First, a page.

Red Tape Cameron

August 13, 2011

In the parliamentary debate yesterday, Mr Cameron spoke of “reducing red tape” in order to get property repaired and London cleaned up. The example he used to demonstrate this “petty officialdom” was the insistence of local authorities to make shop keepers install toughened glass, rather than armoured steel shutters, on their shop fronts.

I’m sure he believes that every local authority has a Frenchman hidden in a cupboard, who comes out at night to add new regulations, when no one is looking.
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Cable dumps Nuclear to go Right

February 24, 2011

Vince Cable has begun the political-fight back following his damaging “nuclear” remarks, by proving that he can be more right-wing than the Tories.

Cable leads the Dance

Today in the Guardian: “Free councils to keep bulk of cash raised through business rates. Richer boroughs will no longer see income from their businesses going to subsidise poorer parts of the country.”

A government minister said, “They will be free councils, and the idea is that they have a real incentive for the first time to encourage business in their locality.”

However this takes no account of the natural tendency for cities to develop separate business and residential areas, with workers commuting between the two. Banks in the City of London are not going to place themselves in Edmonton, nor are workers in Edmonton going to live in the City just because they work there. One area is for business, and the other area is for residence.

If financial responsibility for the vulnerable were borne only by the residential area, without a contribution from the business area, then the residential area would have to massively increase tax, or refuse to support the vulnerable.

If the policy was taken to the next logical stage, whereby no distribution existed between the rich and poor residential areas, then the residential area with large social provision would be plunged into further financial difficulties.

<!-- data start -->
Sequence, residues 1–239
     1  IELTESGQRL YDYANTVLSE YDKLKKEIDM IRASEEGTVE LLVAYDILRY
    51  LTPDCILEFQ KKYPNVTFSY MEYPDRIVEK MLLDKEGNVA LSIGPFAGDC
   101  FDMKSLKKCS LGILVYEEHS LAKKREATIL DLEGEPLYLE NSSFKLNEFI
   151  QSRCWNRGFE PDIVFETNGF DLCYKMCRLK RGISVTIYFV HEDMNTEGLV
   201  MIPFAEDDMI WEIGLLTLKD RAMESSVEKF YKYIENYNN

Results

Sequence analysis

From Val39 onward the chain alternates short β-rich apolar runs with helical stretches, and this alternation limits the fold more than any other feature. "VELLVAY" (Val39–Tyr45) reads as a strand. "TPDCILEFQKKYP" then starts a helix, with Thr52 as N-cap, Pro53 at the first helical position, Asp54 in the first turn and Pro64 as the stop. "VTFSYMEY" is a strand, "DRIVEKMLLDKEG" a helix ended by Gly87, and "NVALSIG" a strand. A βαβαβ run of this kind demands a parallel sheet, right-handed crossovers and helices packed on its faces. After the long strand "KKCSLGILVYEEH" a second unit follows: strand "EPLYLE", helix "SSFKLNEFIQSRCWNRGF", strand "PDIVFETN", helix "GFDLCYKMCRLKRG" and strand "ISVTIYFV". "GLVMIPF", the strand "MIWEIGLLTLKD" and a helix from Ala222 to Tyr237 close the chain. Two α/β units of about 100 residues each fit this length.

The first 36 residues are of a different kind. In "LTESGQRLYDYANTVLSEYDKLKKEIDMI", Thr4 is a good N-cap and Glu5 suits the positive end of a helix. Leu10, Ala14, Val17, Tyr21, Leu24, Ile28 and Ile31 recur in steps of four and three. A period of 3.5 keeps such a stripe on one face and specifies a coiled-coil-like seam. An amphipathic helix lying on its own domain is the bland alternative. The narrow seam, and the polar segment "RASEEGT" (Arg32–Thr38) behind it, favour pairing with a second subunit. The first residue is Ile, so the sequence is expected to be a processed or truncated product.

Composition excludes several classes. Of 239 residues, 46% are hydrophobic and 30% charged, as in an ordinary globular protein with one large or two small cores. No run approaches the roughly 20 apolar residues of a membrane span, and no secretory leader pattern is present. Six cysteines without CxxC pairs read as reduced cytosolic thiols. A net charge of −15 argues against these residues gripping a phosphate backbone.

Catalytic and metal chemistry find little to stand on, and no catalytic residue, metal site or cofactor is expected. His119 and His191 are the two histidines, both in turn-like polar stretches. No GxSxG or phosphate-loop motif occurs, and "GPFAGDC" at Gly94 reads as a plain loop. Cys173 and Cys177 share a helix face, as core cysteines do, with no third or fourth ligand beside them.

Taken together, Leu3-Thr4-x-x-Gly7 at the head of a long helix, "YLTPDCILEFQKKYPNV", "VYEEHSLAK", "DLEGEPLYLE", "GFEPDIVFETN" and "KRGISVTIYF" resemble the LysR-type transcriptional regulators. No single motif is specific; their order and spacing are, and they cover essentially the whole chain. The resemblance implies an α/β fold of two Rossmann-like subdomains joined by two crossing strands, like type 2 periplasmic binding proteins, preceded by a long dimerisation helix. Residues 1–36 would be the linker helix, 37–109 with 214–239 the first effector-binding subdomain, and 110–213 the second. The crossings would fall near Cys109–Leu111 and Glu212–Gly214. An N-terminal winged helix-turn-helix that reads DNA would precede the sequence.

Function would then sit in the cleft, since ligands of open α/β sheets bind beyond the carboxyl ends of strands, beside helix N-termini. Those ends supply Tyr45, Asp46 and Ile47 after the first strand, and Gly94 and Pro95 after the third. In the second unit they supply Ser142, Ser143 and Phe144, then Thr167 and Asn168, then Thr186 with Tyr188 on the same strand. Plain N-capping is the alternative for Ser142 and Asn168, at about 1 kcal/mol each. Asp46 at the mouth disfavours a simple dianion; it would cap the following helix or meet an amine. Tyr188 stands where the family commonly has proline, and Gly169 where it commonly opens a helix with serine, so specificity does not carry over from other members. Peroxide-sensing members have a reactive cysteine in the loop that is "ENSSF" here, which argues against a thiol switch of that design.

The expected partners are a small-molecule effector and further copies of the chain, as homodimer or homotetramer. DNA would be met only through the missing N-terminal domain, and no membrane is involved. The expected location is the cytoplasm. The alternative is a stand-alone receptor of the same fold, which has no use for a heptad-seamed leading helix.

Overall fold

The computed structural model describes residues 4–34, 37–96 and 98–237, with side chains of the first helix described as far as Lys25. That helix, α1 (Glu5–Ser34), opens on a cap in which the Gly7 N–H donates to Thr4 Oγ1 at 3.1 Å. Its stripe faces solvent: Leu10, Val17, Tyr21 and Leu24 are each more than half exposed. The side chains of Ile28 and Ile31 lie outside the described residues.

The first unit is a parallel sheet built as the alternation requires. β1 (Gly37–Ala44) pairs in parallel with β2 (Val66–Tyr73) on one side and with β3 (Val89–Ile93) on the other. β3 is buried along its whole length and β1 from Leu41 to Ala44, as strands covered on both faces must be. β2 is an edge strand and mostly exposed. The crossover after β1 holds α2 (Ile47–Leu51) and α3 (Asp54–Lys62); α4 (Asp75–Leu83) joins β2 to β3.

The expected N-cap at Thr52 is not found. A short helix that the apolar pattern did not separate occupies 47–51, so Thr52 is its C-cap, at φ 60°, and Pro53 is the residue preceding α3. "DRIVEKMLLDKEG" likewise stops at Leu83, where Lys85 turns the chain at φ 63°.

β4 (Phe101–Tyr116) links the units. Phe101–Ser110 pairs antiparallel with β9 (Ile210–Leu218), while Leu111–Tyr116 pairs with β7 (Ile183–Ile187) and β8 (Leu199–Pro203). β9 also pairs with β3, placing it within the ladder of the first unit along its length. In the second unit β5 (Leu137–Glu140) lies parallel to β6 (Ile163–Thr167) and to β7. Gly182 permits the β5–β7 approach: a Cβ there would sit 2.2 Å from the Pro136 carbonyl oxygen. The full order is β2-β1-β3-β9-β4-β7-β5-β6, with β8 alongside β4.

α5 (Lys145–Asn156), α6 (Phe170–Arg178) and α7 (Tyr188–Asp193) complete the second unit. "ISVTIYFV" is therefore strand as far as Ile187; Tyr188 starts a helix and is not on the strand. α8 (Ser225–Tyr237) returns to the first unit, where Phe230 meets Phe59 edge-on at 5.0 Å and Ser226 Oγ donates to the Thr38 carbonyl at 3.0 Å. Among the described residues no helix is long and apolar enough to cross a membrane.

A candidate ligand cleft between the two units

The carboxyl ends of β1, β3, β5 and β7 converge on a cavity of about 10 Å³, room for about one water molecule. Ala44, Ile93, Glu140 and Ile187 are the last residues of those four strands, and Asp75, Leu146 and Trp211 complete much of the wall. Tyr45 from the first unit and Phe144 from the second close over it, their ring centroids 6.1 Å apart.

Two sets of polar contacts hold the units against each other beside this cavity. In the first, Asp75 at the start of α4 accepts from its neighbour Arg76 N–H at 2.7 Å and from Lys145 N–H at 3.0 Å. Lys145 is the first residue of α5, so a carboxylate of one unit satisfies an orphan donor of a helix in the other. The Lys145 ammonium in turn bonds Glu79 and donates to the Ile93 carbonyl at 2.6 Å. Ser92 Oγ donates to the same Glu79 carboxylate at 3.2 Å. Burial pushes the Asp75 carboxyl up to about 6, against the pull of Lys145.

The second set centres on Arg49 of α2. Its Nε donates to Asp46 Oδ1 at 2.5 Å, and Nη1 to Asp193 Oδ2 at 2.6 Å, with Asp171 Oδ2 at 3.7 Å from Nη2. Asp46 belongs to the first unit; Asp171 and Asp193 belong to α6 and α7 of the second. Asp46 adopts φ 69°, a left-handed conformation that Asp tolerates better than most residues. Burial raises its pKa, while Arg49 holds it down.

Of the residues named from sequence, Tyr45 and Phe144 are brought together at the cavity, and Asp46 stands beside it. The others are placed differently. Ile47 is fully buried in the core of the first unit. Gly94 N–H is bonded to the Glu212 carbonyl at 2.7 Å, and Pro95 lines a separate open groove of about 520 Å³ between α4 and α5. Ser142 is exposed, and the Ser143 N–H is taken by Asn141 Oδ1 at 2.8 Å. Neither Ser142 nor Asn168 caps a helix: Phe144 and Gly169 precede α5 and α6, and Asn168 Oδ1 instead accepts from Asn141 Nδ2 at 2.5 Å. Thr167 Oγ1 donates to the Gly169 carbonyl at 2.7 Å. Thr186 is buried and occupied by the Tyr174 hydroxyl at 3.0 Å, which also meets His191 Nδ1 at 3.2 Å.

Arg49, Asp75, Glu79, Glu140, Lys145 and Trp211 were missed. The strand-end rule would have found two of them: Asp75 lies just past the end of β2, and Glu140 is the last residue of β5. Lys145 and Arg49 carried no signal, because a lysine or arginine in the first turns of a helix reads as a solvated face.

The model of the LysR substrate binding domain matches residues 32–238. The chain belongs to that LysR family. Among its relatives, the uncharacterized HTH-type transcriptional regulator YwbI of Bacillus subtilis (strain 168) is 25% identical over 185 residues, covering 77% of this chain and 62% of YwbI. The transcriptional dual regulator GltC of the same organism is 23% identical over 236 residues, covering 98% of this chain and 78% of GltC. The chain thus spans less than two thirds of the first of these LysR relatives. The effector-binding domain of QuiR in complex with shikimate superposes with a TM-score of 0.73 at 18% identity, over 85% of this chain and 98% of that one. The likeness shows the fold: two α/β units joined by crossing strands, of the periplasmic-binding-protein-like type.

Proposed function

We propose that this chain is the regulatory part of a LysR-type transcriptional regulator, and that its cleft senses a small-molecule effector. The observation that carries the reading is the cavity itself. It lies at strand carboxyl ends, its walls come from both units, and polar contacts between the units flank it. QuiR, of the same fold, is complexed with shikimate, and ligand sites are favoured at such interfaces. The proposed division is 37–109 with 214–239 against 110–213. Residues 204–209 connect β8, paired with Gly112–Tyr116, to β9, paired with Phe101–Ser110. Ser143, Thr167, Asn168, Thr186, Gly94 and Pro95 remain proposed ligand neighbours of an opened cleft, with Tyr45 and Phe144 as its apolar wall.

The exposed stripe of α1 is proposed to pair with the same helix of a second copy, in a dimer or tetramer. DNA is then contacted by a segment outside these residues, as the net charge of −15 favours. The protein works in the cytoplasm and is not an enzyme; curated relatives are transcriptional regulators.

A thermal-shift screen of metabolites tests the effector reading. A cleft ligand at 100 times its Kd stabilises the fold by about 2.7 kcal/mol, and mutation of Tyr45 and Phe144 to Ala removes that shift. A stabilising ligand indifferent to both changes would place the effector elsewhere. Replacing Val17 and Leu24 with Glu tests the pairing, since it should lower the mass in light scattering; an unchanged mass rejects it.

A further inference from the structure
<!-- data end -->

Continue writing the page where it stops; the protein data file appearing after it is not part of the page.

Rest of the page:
The result of this would be that the poor residential areas would have to increase taxes, which would cause the employed to move to an area with few vulnerable people and therefore lower taxes. This polarising effect would be the result of what the government calls “Localism”.

But the business secretary, Vince Cable, wanted to extend “localism” by allowing councils to vary the business rate. This would have the perverse outcome of allowing the City of London, with its huge number of large companies and virtually no social provision, to set a business rate close to zero.

Under Cameron, it’s always been about language. “Free” is the pre-cursor for schools (and now councils) to be released from all obligations to the wider community. “Localism” is a word that sounds like socialism but when applied by the Tory –led Government, it doesn’t have much to do with community.

Vince Cable was seriously damaged by his attitude towards the government he serves when he made remarks to a journalist describing his power over the coalition as “Nuclear”. It seems that he is now behaving himself by pushing forward policies that will be popular with the right-wing Tory leadership.

However, his new-found political positioning is more right-wing than many Tories. Margaret Thatcher introduced the redistributive element of Business rates because her government recognised that the business districts had an obligation to support the residential districts.

It seems that Cable is well on his way to becoming an important non-nuclear part of the government leadership. He may well prove himself useful as a cover for their right-wing instincts.

From now on, whatever he says should be followed extremely closely.